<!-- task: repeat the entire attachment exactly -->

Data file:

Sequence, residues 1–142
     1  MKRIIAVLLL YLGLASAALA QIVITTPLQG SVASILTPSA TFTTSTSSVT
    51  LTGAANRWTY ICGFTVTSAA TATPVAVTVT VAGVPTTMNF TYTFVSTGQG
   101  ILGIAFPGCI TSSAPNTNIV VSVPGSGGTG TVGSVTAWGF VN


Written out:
Sequence, residues 1–142
     1  MKRIIAVLLL YLGLASAALA QIVITTPLQG SVASILTPSA TFTTSTSSVT
    51  LTGAANRWTY ICGFTVTSAA TATPVAVTVT VAGVPTTMNF TYTFVSTGQG
   101  ILGIAFPGCI TSSAPNTNIV VSVPGSGGTG TVGSVTAWGF VN